If some of your pieces are wide, you may want to split them. They will take a flame faster this way, and splitting will give you more pieces to burn. This means you can regulate how much wood you put on at once, and it will help your wood go further. Many smaller pieces are also better for regulating the heart of a cooking fire. There are a couple ways to go about splitting logs or smaller pieces of wood.
1) Just lay the log you want to split on the ground and chop in the middle of it. It may take a few blows with the axe before it splits. This often works better if you create a firmer base with two other logs and put the one you want to split on top.
2) Prop up your log and split it while it’s standing vertically. This is much easier when the piece of log you’re trying to split has been sawed flat on either end. It’s also easier if you can balance it on top of a stump, or on another stout piece of log that’s flat on either end. Such ideal situations aren’t usually possible or necessary while camping though. So, like I do in the video, prop the piece you want to split up as best you can, and try to hit the top of it dead center with a firm downward blow.
3) Batoning. Leave the axe aside. You’d be surprised at how effective this method is for splitting wood. It’s great for smaller pieces to make kindling, and it will also work on larger logs. You’ll need a large knife for this, and one with a fixed blade is preferable.
a) Find a stick about 18-inches long, and about four inches in diameter. This will be your baton.
b) Stand up the log you want to split vertically, and place the middle of your knife blade on the top of the log to hold it upright.
c) Smack the spine of your knife with the baton, embedding it into the log you want to split.
d) While still holding the handle of your knife in one hand, repetitively smack the other end of your knife with the baton as the log splits down the middle.
Note: On wilderness trips, carrying a sheath knife on your belt can really save your butt if you loose your outfit in a rapid. If hypothermic and wet, a small folding knife isn’t going to let you split logs and whittle dry tinder out of them. Additionally, a large knife can even be used along with a baton to cut down a small tree.
Another Tip: If you find yourself in a pickle with no large knife, remember that hand-carved wooden wedges can be used to split logs when pounded with a large rock.
Tinder in wet conditions
With all the rain we’d had, everything was soaking wet, and I needed to access the center of a log to whittle out dry tinder. This is another circumstance where having a larger sized sheath knife can really come in handy. This is because a larger knife can be used like a draw knife to access the dry center of a wet log to create an effective piece of tinder that’s similar to what’s called a “feather stick”.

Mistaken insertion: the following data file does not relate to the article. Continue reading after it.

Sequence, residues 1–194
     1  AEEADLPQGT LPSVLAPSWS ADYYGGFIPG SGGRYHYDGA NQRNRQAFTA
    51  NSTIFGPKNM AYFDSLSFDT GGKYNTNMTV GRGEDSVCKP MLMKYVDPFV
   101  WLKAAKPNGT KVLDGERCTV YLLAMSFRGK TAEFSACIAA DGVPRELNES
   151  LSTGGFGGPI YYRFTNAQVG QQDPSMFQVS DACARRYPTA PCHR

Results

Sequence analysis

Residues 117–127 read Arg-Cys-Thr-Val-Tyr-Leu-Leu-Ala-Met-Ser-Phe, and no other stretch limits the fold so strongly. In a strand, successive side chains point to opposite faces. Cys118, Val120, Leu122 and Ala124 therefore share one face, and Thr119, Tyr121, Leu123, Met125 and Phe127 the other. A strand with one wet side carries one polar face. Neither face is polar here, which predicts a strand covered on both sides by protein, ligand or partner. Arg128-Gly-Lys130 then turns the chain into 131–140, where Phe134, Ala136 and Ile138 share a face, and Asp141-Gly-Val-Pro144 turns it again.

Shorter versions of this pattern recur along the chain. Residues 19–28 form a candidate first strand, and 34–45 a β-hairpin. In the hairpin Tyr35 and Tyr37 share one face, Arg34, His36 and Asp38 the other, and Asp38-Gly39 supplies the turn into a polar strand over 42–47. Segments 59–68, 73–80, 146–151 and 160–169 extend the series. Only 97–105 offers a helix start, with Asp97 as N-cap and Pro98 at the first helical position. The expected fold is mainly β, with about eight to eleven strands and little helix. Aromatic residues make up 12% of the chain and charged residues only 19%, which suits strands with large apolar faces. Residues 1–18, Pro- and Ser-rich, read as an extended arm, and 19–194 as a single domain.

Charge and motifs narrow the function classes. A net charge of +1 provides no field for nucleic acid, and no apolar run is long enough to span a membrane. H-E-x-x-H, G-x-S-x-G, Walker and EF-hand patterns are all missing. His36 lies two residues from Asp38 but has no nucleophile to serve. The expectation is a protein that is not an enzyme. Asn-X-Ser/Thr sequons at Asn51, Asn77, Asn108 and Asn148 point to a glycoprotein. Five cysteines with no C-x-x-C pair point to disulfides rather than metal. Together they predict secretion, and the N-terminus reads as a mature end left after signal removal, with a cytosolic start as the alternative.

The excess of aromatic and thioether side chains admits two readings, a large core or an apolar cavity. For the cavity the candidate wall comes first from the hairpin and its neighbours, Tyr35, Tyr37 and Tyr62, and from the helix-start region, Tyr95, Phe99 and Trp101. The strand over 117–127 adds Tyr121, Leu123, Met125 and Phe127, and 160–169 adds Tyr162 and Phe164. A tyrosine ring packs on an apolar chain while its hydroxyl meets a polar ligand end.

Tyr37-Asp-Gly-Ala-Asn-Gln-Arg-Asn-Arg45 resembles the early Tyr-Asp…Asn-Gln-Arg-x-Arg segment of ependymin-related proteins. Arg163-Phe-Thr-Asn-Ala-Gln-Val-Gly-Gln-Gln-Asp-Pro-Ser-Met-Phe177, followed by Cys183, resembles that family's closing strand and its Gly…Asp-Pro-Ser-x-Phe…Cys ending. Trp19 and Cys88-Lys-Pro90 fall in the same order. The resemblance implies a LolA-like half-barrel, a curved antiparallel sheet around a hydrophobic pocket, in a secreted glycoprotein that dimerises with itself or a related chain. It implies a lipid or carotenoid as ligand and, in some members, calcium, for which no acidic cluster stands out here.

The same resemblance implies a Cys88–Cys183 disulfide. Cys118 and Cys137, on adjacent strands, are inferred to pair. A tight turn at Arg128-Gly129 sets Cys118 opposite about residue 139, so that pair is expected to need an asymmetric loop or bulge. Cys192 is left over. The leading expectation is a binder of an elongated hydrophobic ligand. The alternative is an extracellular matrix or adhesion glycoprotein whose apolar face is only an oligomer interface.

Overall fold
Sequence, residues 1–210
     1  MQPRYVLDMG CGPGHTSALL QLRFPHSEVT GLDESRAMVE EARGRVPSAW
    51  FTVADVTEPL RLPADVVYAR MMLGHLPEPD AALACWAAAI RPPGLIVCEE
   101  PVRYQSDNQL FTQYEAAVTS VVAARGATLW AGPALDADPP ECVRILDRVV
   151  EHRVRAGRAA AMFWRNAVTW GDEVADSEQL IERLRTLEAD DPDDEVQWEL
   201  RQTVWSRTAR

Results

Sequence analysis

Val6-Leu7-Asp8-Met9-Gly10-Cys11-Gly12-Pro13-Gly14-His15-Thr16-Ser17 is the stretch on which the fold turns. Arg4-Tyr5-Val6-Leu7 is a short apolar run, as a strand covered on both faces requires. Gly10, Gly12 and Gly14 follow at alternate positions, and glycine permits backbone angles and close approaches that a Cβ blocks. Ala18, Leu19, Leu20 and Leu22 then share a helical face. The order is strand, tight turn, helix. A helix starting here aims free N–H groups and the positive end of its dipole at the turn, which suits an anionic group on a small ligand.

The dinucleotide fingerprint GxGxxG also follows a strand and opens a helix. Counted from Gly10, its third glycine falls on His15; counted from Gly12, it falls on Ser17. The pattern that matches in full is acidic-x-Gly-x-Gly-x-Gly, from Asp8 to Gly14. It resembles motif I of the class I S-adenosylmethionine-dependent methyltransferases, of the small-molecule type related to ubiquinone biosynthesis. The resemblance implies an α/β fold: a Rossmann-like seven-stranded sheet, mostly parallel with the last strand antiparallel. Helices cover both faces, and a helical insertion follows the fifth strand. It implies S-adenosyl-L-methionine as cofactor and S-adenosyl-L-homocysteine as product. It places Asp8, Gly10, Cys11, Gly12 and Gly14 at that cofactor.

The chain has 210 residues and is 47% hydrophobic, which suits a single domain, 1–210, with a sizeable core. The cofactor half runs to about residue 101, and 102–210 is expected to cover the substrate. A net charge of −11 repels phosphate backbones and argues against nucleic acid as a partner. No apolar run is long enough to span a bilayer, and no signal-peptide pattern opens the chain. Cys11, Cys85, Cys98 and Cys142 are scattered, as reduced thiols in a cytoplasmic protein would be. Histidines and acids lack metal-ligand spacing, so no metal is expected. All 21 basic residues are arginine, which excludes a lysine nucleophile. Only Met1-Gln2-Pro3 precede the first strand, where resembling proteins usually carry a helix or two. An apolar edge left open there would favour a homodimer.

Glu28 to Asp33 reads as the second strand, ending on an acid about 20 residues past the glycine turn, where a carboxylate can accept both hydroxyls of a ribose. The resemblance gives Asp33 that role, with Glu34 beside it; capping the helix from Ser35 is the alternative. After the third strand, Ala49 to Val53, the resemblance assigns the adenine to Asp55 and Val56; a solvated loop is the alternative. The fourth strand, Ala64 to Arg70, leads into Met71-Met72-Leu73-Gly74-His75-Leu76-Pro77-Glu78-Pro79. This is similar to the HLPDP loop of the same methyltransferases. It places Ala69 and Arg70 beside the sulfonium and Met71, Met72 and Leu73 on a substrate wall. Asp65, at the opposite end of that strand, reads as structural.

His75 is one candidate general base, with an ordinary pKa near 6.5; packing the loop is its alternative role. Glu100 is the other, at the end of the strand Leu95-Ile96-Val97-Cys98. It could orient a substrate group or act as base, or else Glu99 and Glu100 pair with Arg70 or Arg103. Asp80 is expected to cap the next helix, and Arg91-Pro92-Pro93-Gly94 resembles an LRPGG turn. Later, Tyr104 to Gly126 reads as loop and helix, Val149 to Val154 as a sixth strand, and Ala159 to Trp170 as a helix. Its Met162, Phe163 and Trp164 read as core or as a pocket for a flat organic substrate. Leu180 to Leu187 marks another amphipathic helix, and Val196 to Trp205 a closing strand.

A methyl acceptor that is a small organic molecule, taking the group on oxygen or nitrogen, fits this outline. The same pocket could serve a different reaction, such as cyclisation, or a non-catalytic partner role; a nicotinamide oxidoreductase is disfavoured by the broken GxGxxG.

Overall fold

– With one hand on the handle and the other on the back of the knife near the top, place the middle of the blade on the log, with one hand on either side.
– Repetitively draw the knife towards yourself while cutting into the wood.
– When you get to the dry center, keep drawing to create many thin slices of wood, leaving them connected at the bottom of your cut. On the last draw, cut all the think pieces off together, and you’ll have a nice piece of tinder that will take a flame.
We got the fire going as the fog lifted to reveal the rich golden hue of evening. Our surroundings became incredibly still and beautiful. We relaxed by the campfire as the forest cast mirror-like reflections on the calm river, and a red sky gave promise of a beautiful day to come.
— Check out more LESSONS FROM THE TRAIL WITH JIM BAIRD, including:
Episode 1 of the Côte-Nord Adventure: Getting There
Episode 2: How to Strap a Canoe on a Float Plane
Episode 3: Tips for Dealing with Waves and Bugs
Episode 4: Sometimes There’s a Cabin
Episode 5: Shotgun Whitewater
Episode 6: Maneuvering a Canoe in Whitewater
Episode 7: Cleaning Pike and Brook Trout
Episode 8: Delaying the Inevitable
Episode 9: The Big Carry
Episode 10: Bear Trouble
Episode 11: Heavy Rain
This summer, C&K is rolling out new episodes of Jim Baird’s Cote Nord Adventure series, presented by Nova Craft Canoe.
About this Series: Come along with Adventurer Jim Baird, his girlfriend Tori, and their dog Buck as they paddle a wild and seldom traveled river of Quebec’s breathtaking Côte-Nord region. Watch the story of their adventure unfold in this 15-part video series as they use and learn a variety of wilderness travel skills, including everything from whitewater paddling maneuvers to axemanship and, when unwanted visitors show up, operating a bear banger. You’ll get to see things from the dog’s perspective too. So grab a paddle, and get ready for a 14-day journey that begins 118 miles from the nearest road.
The article was originally published on Canoe & Kayak